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Milk cooled after milking is transported to dairy producing farms by transport tanks or transport tankers. The transport tanks are insulated and maintain the coldness of the milk by maintaining the cold chain during transport. After use, the tanks are cleaned and disinfected by the washing heads inside and made safe for reuse.
Milk brought to small-tonnage dairy farms by jugs or larger-tonnage dairy farms via transport tanks or tankers are subjected to a series of laboratory analyzes prior to acceptance to the farm. Dry matter ratio, fat ratio, water content are detected for antibiotics and microbiologically analyzed. Milk whose quality criteria are found to be adequate is accepted into the farm and the quantitative measurement process is started.
The quantity of milk arriving is determined either in kilograms by weighing or in liters by volumetric meters. A milk intake scale or scale is used to determine the weight of the milk. If the milk has come into the business with jugs; the jugs are emptied into the pan of the scale. When the pan is full, the operator here records the quantity indicated by the pointer on the scale, and pumps the milk into the silo tank by transferring it to the under-weighing pool. If the milk is brought to the farm by tankers, the weighing process is done in large scales. These types of scales are placed in a separate compartment inside the farm building or in a shed outside the building. After operating the scale, the operator here weighs the vehicle both when it is full and after the milk has been emptied. The difference is recorded as the quantity of milk. Another method is the measuring (weighing) tank system. In this system, sensitive stimulators (load cells) are placed under the feet of the measuring tank, which display the measurement result and send electrical signals to the control panel. The signals from the stimulators increase in proportion to the weight of the milk being filled into the tank, and when the milk intake is complete or the tank is full, the amount of milk is determined by the control panel. However, since the meter measures air generated in the system especially during the agitation of the product in addition to the milk, false results may be obtained. In order to eliminate this problem, an air removal unit (deaerator) is placed in the system before the meter.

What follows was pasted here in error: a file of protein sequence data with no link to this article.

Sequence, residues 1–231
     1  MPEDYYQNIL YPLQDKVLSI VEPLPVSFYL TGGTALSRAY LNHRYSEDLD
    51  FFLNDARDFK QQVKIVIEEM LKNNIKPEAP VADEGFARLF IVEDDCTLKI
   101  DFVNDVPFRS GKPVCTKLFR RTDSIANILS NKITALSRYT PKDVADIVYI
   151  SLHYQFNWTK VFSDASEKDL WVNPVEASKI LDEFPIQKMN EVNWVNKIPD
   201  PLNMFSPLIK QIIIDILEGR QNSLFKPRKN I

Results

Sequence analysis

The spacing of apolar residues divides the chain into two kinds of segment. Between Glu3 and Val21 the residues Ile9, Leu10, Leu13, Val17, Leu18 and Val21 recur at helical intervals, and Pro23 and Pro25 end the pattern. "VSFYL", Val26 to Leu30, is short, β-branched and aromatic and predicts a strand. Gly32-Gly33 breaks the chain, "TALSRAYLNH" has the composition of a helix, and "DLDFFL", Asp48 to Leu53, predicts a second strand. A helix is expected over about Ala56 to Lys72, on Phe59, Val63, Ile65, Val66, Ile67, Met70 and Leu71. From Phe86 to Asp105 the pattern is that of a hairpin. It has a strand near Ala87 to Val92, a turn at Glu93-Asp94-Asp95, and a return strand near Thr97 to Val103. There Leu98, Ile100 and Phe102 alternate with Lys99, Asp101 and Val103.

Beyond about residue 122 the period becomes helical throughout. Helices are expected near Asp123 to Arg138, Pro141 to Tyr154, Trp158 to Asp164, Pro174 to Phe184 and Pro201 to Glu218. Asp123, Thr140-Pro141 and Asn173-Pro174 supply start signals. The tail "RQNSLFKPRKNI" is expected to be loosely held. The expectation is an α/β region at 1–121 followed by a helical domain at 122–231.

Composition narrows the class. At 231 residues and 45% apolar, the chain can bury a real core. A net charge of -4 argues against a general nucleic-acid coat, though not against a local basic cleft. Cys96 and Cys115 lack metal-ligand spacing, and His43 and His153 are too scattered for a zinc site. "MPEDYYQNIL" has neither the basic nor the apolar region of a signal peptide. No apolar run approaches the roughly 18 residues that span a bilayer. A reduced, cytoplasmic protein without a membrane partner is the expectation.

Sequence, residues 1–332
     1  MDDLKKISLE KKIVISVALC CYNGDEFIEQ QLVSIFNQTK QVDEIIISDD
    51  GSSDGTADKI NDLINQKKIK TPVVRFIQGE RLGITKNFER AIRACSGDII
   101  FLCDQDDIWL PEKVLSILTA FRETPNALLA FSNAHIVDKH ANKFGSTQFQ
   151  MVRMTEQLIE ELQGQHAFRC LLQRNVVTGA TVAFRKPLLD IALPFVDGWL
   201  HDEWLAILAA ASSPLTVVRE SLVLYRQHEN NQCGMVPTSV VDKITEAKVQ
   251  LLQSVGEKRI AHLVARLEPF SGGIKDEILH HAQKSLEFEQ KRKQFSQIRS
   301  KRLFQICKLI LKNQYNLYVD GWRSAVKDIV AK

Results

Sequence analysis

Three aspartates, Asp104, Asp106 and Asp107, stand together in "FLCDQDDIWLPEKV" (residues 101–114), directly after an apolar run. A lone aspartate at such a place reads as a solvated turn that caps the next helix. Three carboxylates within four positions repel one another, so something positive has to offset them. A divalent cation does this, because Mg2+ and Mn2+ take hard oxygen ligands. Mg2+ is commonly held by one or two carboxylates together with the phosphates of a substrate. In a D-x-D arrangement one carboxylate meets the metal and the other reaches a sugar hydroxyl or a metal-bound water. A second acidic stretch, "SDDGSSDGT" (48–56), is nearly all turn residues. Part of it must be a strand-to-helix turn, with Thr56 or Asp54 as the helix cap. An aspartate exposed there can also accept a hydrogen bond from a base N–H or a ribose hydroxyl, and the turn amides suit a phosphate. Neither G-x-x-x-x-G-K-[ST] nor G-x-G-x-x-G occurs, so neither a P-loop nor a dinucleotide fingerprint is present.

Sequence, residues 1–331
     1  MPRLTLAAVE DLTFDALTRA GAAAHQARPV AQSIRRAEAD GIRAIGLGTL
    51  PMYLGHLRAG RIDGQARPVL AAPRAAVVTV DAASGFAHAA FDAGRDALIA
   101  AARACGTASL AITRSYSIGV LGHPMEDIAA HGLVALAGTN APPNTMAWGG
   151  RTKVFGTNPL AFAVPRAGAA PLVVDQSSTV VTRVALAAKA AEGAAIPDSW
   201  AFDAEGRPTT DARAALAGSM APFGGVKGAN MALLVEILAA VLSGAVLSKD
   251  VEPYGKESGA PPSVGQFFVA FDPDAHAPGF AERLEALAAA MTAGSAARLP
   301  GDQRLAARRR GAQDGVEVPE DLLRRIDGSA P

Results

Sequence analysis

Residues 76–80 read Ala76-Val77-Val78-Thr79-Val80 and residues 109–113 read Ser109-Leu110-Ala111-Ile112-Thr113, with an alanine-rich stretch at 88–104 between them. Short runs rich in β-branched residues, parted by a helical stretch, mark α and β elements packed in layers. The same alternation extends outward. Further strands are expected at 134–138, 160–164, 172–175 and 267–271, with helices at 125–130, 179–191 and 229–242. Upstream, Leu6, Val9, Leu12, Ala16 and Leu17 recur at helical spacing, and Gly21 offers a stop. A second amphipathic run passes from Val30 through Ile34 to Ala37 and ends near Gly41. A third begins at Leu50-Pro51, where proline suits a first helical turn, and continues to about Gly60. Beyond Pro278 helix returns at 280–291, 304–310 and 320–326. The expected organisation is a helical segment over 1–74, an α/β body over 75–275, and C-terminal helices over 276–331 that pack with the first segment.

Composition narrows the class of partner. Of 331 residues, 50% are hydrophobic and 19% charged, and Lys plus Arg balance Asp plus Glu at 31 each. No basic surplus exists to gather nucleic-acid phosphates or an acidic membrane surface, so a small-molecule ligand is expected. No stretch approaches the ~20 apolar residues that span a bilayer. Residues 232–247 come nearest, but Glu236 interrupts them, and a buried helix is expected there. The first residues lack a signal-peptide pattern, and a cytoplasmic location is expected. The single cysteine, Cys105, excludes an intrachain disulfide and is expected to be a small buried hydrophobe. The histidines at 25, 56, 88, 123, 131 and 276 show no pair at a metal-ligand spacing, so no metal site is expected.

Milk may contain cellular materials such as some epithelial cells and leukocytes that come out of the udder during milking. However, there may be contamination of milk after milking with solid materials such as hay, straw, stalk, hair, fertilizer residues and soil particles. These materials not only spoil the appearance of the milk but also mediate the contamination of microorganisms that cause microbial spoilage. Therefore, both during and after milking, unwanted materials that contaminate the milk should be removed from the milk. Various purification methods are used for this purpose. Filtration and clarification by means of wire strainers and/or in-line filters placed on the milk intake scales are methods used on farms. Purification using a filter While the caked milk is poured into the milk intake scale, it is filtered through wire strainers placed on the scale. However, this process only removes visible large-sized solids from the environment. A method commonly used in medium and large scale enterprises is to place metal strainers in the tank of the weighing scale when milk is received, and to install metal line filters at the inlets of the plate coolers as an alternative to coarse filtration. These filters are made of stainless steel and require frequent cleaning and disinfection. Purification with Centrifugal Force (Clarification) Somatic cells, blood clots, leukocytes, some microorganisms, bacteria-rich protein aggregates and other pollution factors that cannot be removed by coarse purification are effectively purified by the clarification process. Mechanization of the process of purifying the milk from coarse particles as the volume of milk increases is recommended for ease of operation. Mechanical separators, called clarifiers, are used for this purpose. During clarification, the milk enters from the inlet pipe and spreads out in the form of a thin film in the channels between the bowls. With the direction of the rods on the bowls and the effect of centrifugal force, foreign particles with a higher density than the milk is separated and accumulates at the bottom of the separator sludge cavity, while the milk separated from the impurities rises to the top and is discharged from the discharge pipe. Elements with a diameter of 4-5 microns can be removed with the cleaning process with clarifiers.